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Each week on the Junior Curators blog, we travel back in time to a different place in Tennessee history. Stories may be about a famous person, place or event from Tennessee’s past. They will include things like priceless artifacts, pictures, videos, and even some games. Be sure to better understand the story by answering the questions at the end of each post.
After learning the story, be sure to share what you've learned with your parents, family, or friends. Try making your own exhibit about it, shooting a movie, or writing a story about it. Let your creativity run wild!
by Emilee Dehmer
The first of a five-part series.
Captured. The heat from the African sun made them sticky with sweat. Their uniforms stuck to their bodies as they marched in line. Their captors walked alongside them with guns to make sure they did not escape. One of them asked, “Was warden sie mit uns machen?”
“I don’t speak German,” a soldier with a gun replied.
“Where are you taking us?” the captured soldier asked again, only this time in English.
"Oh,” the gunned soldier snorted, “we’re sending you to Tennessee.”
Colonel Harry E. Dudley Papers, 1916-1966, Tennessee State Library and Archives
These are an example of tags that identified the POW soldiers.
For seventeen days they travelled. Most of the Germans had been serving under General Erwin Rommel in the Afrika Korps. One man had been shot down from his plane on a bombing mission. Another, slumped in the back, had a chest wound that he had been carefully nursing along the way.
At exactly 7:30 p.m. on November 28, 1942, the train slowly pulled into the station at Crossville, TN. The train car they were sitting in smelled. Lice and fleas covered the men. The hunger they felt showed on their skinny bodies. They were prisoners of war, or POW, and were at the mercy of the Americans.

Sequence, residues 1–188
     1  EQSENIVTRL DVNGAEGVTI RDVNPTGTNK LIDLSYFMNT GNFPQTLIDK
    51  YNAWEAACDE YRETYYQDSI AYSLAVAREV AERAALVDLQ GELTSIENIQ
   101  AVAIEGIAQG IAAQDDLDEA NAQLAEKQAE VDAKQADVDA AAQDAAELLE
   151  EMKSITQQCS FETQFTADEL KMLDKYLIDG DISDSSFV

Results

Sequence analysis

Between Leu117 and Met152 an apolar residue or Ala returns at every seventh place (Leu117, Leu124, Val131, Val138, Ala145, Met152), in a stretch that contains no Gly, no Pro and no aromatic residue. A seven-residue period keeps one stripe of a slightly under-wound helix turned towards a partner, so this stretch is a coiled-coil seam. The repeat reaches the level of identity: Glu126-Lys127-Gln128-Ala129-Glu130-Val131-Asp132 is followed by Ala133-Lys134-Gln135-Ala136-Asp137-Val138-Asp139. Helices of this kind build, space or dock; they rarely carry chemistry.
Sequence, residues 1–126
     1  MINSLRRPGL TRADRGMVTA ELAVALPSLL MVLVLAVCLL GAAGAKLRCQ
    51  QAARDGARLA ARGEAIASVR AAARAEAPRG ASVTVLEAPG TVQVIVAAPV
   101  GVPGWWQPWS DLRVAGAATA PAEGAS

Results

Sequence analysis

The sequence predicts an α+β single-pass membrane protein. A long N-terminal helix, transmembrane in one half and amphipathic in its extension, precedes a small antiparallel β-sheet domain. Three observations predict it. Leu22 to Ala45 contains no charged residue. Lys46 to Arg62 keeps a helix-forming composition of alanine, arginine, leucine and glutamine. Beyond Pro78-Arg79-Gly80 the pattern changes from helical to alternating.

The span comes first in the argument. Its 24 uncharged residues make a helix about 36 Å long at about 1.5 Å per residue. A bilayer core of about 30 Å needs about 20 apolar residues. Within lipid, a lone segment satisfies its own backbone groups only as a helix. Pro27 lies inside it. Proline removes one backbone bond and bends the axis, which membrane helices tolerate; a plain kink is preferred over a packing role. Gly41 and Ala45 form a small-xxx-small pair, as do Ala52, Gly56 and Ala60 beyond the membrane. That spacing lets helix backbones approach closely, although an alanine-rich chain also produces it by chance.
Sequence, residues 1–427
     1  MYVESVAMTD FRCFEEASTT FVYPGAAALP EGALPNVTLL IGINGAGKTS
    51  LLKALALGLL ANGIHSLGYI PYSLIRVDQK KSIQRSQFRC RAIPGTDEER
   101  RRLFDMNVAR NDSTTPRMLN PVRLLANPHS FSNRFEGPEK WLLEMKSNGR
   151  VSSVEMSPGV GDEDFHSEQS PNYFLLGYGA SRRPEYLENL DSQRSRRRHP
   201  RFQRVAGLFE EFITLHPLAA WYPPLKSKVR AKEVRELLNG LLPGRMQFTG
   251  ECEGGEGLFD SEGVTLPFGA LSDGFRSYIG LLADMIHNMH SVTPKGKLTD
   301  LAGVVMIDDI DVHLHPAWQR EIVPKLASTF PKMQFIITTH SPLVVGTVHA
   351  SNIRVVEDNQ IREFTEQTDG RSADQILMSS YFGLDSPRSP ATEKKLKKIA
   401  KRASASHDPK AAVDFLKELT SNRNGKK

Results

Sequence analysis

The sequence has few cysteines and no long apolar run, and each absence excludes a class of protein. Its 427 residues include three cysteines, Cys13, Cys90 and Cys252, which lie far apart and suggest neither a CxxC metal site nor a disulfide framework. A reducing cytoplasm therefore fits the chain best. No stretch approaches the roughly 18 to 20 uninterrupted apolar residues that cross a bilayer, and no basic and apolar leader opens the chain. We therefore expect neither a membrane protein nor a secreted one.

American soldiers flung open the doors and started unloading the prisoners. “Silence!” one of them shouted. “Obey or you will be shot,” he added as the prisoners filed into the trucks that were waiting to take them to their POW camp.
The road was bumpy and dark. They continued deeper and deeper into the woods until it seemed like they were miles from civilization. Around one sharp curve, where many accidents happened, a sign read Prepare to Meet Thy God. The prisoners shifted uneasily in their seats. One near the front of the bus gulped loudly as he whispered, “we’re here.”
The walls were too tall to see over and were wrapped in barbed wire. Guard towers stood tall and served as a reminder that they were prisoners, always being watched. As they unloaded from the bus, they looked around again and saw how far from home they really were. Miles from any seaport, with dangerous roads, on a mountain 2,000 feet high. No hope in sight.
Photo of one of the guard towers at the Crossville POW Camp.
General Erwin Rommel in the Afrika Korps: A well-known Military General for the German Army under Adolf Hitler. This group of soldiers fought in Africa.
Prisoner of War: A person, usually a soldier, captured in war.
Civilization: A town or city, place with many people.
Uneasily: Filled with worry.
In what Tennessee city did the German prisoners first arrive?
Where had most of the captured Germans been fighting in the war?
What descriptive words would you use to describe how the German POWs would have felt arriving in Tennessee?
Why do you think Tennessee was used as a place to house POWs captured during WWII?
Visit here to see the historic marker placed to show where the camp was located in Crossville, TN.
Click here to see what that area looks like today.
Duane Marsteller. “Camp Crossville”. The Historical Marker Database. Accessed Nov. 2020. https://www.hmdb.org/m.asp?m=150187
Letsgoplateau. “Camp Crossville”. Edge Trekker. Accessed Nov. 2020. https://www.youtube.com/watch?v=VJqPD-w9e9U
“The Clyde M. York 4-H Center has quite a history…”. UT Institute of Agriculture. Accessed Nov. 2020. https://clydeyork4hcenter.tennessee.edu/camp-history/
Jeff Roberts. “POW Camps in World War II”. Tennessee Encyclopedia. Accessed Oct. 2020. https://tennesseeencyclopedia.net/entries/pow-camps-in-world-war-ii/
Gerhard Hennes. The Barbed Wire: POW in the U.S.A. Hillsboro Press. Oct. 30, 2004